Having studied English Literature, I had been trained to split many larks, and arrange their small, lumpy organs neatly and surgically, like a lepidopterist who pins and names entrails instead of butterfly wings. I had been very good at arguing the cruciality of the lungs’ importance compared to the heart within the context of the ribcage, or why the throat of the lark that sang its mellifluous music was in fact a postmodern construction, a trachea ridged with Julia Kristeva and Eve Sedgewick. I had squashed many larks under the base of my wrist in my career so far. And now I wondered why, as I tried to pick up some light summer reading, instead of the easy and absorbing experience I expected, I was faced with a fistful of bloody feathers, snapped beaks, and crunched feet. The books opened their paper wings and flew away from me. It had been months, and I still couldn’t make one stay long enough to coax its song out. I hadn’t managed to finish a book in many weeks.
The Amen of Rossini’s Stabat Mater boomed in my ears as I made my way to the bookshop. Poetry was the answer, not fiction. Lines so slender and heavy with meaning, like a branch laden with waxy summer fruit. A bite into the skin of some sonnets would cure me of this strange reading slump, revitalise something gone hard and cold inside of me. I left the shop with a thick hardback bumping against my hip in the canvas bag I slung over my shoulder: 100 Queer Poems, edited by Mary Jean Chan and Andrew McMillan.
I had been drawn to the anthology above my other options (a collection of Yeats and yet another translation of Dante) as I had reflected on whether it might help coax something else out of me besides an ability to read again; two birds with one stone. Queerness was something I had accepted as an intrinsic part of my identity for some time now, and yet it was something I had difficulty expressing in my person, let alone in words. The terminology, the discourses, the opinion pieces, and Twitter threads I consumed to justify the validity of my own identity had made me feel like my Queerness was something awkward and uncomfortable, like a lumpy knitted jumper twisted around my shoulders. What should have been the source of joy and, yes, affection, had shrunk instead of blossomed over the years to something resembling the stone of a fruit rather than the flesh, something small and difficult.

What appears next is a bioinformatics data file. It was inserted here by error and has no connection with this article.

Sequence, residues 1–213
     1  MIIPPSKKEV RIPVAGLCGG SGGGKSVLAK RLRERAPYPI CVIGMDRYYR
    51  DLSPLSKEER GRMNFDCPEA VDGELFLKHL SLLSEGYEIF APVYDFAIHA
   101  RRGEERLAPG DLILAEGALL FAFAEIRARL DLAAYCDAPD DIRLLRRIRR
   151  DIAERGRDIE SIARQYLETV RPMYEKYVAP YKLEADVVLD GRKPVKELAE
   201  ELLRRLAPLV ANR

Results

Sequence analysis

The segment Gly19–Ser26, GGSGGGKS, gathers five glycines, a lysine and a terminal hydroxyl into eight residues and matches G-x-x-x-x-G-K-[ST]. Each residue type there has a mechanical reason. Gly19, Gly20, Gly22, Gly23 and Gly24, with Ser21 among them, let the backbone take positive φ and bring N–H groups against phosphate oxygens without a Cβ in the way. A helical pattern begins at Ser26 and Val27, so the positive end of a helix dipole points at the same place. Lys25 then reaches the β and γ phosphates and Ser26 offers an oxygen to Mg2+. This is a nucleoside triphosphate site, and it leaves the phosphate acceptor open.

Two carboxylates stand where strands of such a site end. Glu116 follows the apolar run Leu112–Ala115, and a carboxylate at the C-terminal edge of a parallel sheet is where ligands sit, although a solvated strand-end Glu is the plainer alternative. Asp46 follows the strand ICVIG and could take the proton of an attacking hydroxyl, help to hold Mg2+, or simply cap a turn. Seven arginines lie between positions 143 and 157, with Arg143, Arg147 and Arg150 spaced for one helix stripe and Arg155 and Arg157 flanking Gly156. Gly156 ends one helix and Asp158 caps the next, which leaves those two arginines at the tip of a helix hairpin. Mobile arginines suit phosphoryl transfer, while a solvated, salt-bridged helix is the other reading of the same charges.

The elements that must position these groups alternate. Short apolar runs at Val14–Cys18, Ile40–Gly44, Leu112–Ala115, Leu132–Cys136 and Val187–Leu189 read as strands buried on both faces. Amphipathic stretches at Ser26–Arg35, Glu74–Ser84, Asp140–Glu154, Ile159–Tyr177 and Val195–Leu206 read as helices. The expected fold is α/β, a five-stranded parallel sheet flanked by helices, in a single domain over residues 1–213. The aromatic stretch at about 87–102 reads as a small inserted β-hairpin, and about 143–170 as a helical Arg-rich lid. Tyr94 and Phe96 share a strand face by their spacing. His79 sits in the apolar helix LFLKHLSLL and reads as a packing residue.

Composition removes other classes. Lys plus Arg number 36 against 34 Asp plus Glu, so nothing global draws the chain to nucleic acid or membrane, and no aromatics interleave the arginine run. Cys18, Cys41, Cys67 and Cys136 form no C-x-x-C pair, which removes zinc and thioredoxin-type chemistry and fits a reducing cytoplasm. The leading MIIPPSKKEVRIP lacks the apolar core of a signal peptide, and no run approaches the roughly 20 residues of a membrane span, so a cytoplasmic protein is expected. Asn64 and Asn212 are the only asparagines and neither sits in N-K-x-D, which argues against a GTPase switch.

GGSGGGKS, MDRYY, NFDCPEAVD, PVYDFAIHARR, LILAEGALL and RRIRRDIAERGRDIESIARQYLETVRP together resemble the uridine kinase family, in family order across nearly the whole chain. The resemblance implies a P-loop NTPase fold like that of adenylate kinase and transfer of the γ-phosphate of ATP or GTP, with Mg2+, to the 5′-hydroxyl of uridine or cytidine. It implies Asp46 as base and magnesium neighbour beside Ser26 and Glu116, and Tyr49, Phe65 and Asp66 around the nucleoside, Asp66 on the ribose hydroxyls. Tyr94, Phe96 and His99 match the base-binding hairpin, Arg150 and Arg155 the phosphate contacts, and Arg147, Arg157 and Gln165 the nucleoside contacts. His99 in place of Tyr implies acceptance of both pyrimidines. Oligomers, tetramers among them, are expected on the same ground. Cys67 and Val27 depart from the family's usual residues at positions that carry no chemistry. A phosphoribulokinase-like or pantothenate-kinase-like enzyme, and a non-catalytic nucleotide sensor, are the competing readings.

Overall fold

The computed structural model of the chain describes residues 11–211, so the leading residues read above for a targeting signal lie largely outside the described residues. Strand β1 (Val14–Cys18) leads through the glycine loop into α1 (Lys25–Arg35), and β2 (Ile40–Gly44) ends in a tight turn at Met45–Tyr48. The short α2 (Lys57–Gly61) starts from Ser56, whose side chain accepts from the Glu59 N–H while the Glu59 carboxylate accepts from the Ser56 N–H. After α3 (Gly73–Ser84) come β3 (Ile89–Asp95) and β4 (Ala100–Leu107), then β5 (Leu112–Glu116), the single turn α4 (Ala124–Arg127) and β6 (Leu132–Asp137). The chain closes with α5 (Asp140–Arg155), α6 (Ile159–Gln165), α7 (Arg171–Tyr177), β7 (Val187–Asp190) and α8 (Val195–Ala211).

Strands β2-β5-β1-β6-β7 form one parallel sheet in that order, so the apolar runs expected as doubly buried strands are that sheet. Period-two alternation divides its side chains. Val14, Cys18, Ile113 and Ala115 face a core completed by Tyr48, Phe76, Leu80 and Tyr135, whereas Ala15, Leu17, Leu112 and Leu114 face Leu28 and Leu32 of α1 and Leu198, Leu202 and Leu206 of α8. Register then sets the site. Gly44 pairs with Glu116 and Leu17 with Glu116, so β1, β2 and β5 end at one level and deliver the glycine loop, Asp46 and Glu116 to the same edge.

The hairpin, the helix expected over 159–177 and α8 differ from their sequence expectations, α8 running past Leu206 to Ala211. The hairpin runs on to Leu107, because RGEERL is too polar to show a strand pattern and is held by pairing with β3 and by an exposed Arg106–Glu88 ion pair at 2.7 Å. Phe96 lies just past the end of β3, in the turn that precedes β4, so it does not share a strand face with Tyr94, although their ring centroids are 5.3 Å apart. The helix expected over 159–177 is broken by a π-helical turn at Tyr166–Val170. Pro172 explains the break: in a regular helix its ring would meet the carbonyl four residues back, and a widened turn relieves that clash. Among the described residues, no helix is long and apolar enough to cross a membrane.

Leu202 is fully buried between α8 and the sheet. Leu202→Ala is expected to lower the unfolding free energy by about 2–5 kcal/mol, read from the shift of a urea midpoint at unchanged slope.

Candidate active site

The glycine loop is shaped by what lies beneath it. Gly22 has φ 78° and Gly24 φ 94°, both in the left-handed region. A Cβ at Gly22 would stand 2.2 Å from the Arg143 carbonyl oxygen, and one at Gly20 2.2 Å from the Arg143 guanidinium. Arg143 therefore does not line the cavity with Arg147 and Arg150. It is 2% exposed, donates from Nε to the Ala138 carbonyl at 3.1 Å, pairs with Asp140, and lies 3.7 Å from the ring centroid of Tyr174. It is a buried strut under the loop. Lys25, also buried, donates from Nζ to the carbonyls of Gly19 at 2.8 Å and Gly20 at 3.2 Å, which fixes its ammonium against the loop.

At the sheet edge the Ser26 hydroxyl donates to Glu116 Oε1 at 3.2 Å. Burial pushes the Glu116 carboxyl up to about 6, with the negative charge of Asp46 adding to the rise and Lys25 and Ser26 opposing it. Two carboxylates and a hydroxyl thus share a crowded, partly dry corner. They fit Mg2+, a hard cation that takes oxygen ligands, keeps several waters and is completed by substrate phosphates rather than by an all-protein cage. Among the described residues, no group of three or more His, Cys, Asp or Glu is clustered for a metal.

My identity was theoretical, intellectual property instead of something I could experience with any kind of bodily or emotional value. In lieu of fulfilling Queer experiences, I suppose, I had turned, as many do, too long words and long conversations to prove to society I still deserved the lexicon of Queerness. Queerness: a word I didn’t know how it could apply to me, or what it meant, but in theory, it should. It should. Picking apart the ribcage of a Queer poem, (100 of them!) would surely provide the answer to both my lack of literary feeling and the opaqueness of my identity simultaneously. It had to; what else, after all, had I built myself up from if not from the heavy materials of words?